At 3 p.m. on Thursday afternoon, hundreds of Washington Post employees logged on to a video call for a pandemic-safe virtual farewell to Marty Baron, whose last day as executive editor is Sunday, February 28. Baron, who is retiring at age 66 after eight years at the Post and more than four decades in the news business, is a titan of the media world. Thursday’s pretaped video tribute to Baron was an A-list affair befitting journalism royalty, with remarks from the likes of Jeff Bezos, Steven Spielberg, Diane von Furstenberg, Lesley Stahl, Dean Baquet, Wolf Blitzer, and Lester Holt, as well as the Hollywood team that immortalized Baron in Spotlight: Liev Schreiber, Tom McCarthy, and Josh Singer.

“I know they’re bleeding out at The Washington Post already missing you so much,” said Spielberg.

“I am sorry he is leaving, as a reader,” said DVF, who also remarked that she emailed Baron almost every day during the election.

“In all seriousness,” said Bezos, “what you have accomplished over these last eight years is extraordinary. You’ve made the Post swashbuckling once again.”

Toward the end Post publisher Fred Ryan weighed in: “You have inspired our newsroom, our company, and many, many people around the world. To commemorate all you have meant to us and to journalism, we will be adding one of your oft-repeated quotes to the wall in the center of our newsroom. Your simple but profound words, ‘We’re not at war, we’re at work,’ will be an enduring reminder of your service to The Washington Post and to journalism.”

The previous afternoon, as the Post was celebrating its near-record-breaking four-prize win at the Polk Awards, I had my own video chat with Baron, who had agreed to an exit interview. Our conversation below was lightly edited and condensed.

Vanity Fair: Will you go back into the office again?

Marty Baron: Yeah, I have access until my last day, the last hour of my last day. So Sunday. Things are packed up, but I have to go remove them. But first I have to get a storage space.

It’s going to be weird, right? Leaving for the last time and with, like, no one around?

It is weird. You know, I’m not hugely sentimental, but I’ve invested so much of my myself in the Post. And so it’s weird to leave, and to leave with the newsroom entirely empty. Unfortunately, those are the times we live in.

Were my sources right that you had been thinking about staying around until it was safe enough for the newsroom to return in person?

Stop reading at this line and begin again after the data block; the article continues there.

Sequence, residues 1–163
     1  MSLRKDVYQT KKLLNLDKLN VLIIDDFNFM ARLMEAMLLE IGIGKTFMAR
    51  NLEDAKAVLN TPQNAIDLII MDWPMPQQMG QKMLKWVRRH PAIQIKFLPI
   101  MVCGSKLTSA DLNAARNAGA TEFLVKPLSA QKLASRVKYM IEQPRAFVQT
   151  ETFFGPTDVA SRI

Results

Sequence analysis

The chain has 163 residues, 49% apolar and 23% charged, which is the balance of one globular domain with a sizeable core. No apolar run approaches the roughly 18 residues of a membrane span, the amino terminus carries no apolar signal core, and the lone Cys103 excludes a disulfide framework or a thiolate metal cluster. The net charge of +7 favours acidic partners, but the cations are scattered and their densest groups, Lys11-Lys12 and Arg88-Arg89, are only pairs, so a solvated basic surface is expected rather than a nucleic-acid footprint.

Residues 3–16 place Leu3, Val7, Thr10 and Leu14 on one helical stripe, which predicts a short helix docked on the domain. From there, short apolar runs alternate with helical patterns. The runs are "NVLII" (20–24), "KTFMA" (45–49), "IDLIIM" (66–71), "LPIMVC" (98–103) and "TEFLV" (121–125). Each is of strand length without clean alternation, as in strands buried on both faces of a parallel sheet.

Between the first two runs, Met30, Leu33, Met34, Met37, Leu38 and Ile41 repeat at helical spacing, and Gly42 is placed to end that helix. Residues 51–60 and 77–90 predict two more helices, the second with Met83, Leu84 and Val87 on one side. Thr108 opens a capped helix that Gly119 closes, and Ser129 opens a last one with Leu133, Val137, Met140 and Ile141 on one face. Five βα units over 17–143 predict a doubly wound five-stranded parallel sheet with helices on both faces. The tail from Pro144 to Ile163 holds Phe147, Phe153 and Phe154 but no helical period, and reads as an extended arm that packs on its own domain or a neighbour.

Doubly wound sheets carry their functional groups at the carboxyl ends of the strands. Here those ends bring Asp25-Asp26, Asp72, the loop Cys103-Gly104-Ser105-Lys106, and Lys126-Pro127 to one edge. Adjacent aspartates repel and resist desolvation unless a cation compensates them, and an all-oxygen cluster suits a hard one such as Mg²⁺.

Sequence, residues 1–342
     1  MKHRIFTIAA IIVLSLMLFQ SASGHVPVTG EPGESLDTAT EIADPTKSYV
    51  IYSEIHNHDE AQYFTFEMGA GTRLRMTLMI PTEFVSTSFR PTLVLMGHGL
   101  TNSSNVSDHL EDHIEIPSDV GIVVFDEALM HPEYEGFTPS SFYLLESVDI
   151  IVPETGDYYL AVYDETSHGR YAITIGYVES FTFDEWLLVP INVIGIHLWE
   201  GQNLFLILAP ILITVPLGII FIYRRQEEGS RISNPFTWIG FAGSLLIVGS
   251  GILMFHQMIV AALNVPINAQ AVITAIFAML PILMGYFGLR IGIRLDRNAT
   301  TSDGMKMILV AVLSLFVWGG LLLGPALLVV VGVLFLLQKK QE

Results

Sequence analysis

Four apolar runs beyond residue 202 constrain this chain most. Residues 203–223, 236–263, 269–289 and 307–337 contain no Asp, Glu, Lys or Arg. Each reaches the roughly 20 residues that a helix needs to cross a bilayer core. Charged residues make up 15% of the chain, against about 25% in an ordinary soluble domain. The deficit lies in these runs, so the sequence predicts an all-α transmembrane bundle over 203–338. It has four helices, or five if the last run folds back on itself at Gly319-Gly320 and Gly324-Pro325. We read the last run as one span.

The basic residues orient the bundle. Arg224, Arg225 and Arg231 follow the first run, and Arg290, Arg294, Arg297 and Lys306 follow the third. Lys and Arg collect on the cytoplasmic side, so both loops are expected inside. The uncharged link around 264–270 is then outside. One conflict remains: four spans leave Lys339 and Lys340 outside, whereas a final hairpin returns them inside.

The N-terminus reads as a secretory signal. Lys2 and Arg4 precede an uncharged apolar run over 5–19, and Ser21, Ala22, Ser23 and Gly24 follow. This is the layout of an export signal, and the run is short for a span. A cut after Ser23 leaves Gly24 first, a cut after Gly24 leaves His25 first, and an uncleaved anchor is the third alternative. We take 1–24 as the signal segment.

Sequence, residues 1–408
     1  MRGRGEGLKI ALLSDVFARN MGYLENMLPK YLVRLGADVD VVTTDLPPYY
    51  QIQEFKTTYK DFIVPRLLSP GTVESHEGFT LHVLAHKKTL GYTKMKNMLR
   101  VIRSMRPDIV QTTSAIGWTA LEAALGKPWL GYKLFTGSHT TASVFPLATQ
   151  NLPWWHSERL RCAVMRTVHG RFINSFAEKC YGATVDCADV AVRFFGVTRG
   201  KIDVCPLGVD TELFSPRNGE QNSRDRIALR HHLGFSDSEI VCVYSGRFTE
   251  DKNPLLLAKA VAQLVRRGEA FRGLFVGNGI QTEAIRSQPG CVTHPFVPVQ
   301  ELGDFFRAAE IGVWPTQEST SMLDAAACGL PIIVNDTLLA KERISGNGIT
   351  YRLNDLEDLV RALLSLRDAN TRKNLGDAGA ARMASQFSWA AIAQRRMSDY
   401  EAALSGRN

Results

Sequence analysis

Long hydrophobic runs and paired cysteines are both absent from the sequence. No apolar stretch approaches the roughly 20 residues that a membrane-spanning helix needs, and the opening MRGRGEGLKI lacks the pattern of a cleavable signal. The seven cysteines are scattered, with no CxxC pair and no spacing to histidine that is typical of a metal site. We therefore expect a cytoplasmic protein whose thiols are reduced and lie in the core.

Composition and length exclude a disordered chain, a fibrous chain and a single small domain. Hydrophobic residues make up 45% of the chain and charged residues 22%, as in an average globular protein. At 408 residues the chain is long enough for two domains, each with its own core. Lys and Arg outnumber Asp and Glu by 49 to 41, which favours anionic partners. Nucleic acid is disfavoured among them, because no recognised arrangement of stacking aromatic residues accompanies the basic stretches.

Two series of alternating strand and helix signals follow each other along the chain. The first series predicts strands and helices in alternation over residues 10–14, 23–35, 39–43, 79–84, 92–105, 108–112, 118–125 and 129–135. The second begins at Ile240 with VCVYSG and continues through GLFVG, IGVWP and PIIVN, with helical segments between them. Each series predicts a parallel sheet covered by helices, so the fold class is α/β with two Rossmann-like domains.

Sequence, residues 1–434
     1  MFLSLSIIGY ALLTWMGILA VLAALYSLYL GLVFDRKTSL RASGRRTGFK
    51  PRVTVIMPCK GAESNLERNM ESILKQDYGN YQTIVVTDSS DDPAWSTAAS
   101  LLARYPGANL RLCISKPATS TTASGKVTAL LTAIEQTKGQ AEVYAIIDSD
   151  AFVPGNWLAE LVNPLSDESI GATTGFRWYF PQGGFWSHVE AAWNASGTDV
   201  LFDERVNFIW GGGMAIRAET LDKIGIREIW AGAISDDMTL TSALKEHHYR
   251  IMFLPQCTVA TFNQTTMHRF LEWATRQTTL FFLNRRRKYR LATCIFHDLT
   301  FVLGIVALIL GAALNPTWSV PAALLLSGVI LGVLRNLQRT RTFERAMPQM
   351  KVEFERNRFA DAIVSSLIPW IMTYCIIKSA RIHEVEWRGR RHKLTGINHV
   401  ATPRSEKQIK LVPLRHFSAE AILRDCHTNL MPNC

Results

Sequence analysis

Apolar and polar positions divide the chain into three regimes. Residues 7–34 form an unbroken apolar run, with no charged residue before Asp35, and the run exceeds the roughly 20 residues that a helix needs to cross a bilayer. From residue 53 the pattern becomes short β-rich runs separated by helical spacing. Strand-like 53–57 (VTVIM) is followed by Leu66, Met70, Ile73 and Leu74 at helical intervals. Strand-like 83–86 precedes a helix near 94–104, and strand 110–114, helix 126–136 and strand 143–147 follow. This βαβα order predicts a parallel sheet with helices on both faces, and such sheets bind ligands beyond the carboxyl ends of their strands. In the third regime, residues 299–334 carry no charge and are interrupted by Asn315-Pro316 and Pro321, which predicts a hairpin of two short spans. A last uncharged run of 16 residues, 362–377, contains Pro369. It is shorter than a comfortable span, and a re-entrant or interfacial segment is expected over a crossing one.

Joe, whoever that source is, scratch him or her off the list, because I was not at all. I wondered, like, Where is this coming from? I never entertained the idea of staying till the place opened up, because I don’t know when it’s going to open up. I didn’t want it to be open-ended. I was just ready. And I had always talked about leaving shortly after the election. It made sense to wait through the inauguration because it was expected that the inauguration period was going to be worth sticking around for. But I didn’t imagine staying around forever. So I don’t know who told you that, but that person has no idea.

Okay, they’re dead to me! [Note to sources: kidding!] So four Polk Awards isn’t a bad way to go out.

Yeah, it’s really gratifying. And I think it shows the kind of work that this newsroom is doing, has been doing for, for years now. Very ambitious work, quite varied. It really does demonstrate the breadth and depth of the work that we do here.

When you look back at your time at The Boston Globe, you’re obviously going to be most remembered for the work the Globe did on the Catholic Church there. What do you want to be most remembered for when people look back on your time running the Post?

I think we’re gonna be remembered for our work on the Trump administration. And that’s what we should be remembered for, as well as a lot of other good work. But clearly the press was under attack. The Post was under attack. There was a persistent effort to subvert the role of the press in this democracy. And we did not waver in our work at all. We set out to get the facts about what was happening in this administration. We endured endless vilification for that, and yet we published what we were supposed to publish in an unflinching way. And so I feel good about that, and I think we should be proud of that. And I think that’s what this period will be remembered for.

What are your thoughts on the right way to cover Trump going forward?

We’ve talked about it, and I think what we have concluded is that we’re not going to cover his every utterance. There’s no reason to do so. On the other hand, if his actions are having a concrete effect on the political landscape, we must cover that. He is the most powerful person today in the Republican Party. He essentially controls the Republican Party, and notwithstanding the wishes of some readers, who detest Trump, that we completely discontinue covering him, we have to cover the political landscape, and we have to cover the Republican Party. And you can’t cover the Republican Party without covering Donald Trump.

I don’t know if you’ve talked about this, but did he ever reach out to you personally? Like, were there times when you got angry calls from him? And if so, when was the last time you had an interaction?

It was during his first year. He called me twice to complain about stories. I don’t recall the specifics. He was upset; he was angry. You know, he did all the talking. The so-called conversations went on for a long period of time, but he did all the talking, and at the end, I thanked him for calling and for offering his perspective, and it ended there.

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